Grass cuts costing police jury
VIDALIA — Grass is green and so is money, and Monday the Concordia Parish Police discussed how much of the latter the former is costing the parish.
The discussion arose after the jury approved the payment of a $1,200 grass-cutting bill for an overgrown lot on Doty Garden Circle. A parish ordinance allows the police jury to have overgrown properties cut and bill owners for the work.
Police Jury President Melvin Ferrington said the jury was going to have to consider other options in the future.
“On this stuff, we are going to have to put the brakes on,” Ferrington said. “On this property, we were able to put (the bill) on the tax rolls for next year, but (the payments) are coming out of our general fund, and our general fund can’t handle it.”
Juror Willie Dunbar suggested on future properties the police jury seek quotes to see if other grass cutting services might be able to do the job cheaper.
“We may have to start getting our prison crews and start doing (the job) ourselves,” Ferrington said.
Juror Whest Shirley asked Secretary-Treasurer Kevin Friloux to check with other parishes and see what they do about overgrown grass.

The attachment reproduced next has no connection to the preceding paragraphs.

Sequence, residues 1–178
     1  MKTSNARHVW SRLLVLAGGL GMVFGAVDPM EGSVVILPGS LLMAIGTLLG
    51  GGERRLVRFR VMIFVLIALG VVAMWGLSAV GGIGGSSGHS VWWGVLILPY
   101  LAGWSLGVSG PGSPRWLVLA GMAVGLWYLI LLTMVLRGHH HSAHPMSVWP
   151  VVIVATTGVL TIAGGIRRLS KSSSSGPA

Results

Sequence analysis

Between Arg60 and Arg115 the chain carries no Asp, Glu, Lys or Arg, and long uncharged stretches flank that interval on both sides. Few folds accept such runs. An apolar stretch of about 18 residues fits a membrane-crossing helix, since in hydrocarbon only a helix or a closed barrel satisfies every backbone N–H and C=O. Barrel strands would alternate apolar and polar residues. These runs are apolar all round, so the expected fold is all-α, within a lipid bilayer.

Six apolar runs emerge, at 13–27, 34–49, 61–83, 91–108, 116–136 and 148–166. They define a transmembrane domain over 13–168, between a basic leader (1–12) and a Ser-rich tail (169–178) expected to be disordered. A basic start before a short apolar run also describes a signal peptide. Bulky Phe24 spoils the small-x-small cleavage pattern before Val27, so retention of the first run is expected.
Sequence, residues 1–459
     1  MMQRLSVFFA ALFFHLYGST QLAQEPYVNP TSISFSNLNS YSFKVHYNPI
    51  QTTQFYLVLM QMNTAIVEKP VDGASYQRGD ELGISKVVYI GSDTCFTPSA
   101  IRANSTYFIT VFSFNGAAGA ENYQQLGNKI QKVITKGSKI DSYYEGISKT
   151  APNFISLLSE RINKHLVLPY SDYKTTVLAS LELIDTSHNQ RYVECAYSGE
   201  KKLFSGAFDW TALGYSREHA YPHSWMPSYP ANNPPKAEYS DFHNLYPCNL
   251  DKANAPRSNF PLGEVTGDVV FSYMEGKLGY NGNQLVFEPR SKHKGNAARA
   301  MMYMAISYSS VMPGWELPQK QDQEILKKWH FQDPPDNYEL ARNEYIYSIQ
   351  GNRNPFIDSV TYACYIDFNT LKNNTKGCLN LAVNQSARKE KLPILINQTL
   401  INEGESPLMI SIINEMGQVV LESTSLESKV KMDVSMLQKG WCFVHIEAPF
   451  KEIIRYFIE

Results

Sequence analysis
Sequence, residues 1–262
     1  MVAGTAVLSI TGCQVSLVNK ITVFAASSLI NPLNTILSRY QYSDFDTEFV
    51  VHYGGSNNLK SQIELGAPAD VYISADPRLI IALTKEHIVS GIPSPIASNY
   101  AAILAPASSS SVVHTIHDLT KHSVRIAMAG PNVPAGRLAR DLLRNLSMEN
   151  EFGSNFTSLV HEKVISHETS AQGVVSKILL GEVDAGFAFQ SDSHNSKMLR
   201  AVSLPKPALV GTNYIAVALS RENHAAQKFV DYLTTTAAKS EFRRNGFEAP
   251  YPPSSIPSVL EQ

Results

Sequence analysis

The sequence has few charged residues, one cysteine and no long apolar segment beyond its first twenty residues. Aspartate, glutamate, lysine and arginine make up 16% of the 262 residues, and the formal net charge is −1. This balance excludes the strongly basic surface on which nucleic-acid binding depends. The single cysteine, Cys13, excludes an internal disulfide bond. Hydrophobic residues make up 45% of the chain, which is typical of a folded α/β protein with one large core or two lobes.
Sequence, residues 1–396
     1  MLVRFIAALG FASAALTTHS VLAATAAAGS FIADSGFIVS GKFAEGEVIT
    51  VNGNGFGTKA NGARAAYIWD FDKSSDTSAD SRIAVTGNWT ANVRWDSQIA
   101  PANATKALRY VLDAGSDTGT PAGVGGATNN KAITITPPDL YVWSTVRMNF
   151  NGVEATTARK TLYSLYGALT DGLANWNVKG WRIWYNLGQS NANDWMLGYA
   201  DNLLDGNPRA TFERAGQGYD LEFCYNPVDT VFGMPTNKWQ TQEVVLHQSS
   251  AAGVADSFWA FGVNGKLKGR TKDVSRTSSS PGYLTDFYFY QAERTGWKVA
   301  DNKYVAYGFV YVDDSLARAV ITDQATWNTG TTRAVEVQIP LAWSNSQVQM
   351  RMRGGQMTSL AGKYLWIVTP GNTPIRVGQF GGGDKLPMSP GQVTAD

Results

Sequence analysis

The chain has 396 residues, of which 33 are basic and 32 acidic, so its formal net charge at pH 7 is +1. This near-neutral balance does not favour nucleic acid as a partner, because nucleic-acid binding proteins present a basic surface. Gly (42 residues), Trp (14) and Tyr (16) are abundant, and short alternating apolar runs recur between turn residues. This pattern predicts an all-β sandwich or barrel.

But even as the jury discussed its concern about the costs, Dunbar said he wanted to ensure that a particular overgrown lot in the Vail Acres area get taken care of in a reasonable amount of time.
Friloux said the owner of the lot had asked for an extension because the grass cutting services she had contacted had told her they did not have enough time to cut the lot right away.
“Count down the days between what she said she needed and when they are over, and if it isn’t done we will find someone who will do it for us,” Dunbar said.
In other news:
• The jury adopted two resolutions honoring Florence Matthews and the Rev. Robert Lee. Lee recently turned 100, and Matthews will be 100 Sept. 25, Juror Joe Parker said.
• The jury voted to change the structure of the printed agendas for its future meetings. Meeting agendas will now no longer list individual interfund transfers.
“This is something that we have done for years, and we are not really required by law to do it,” Juror Randy Temple said.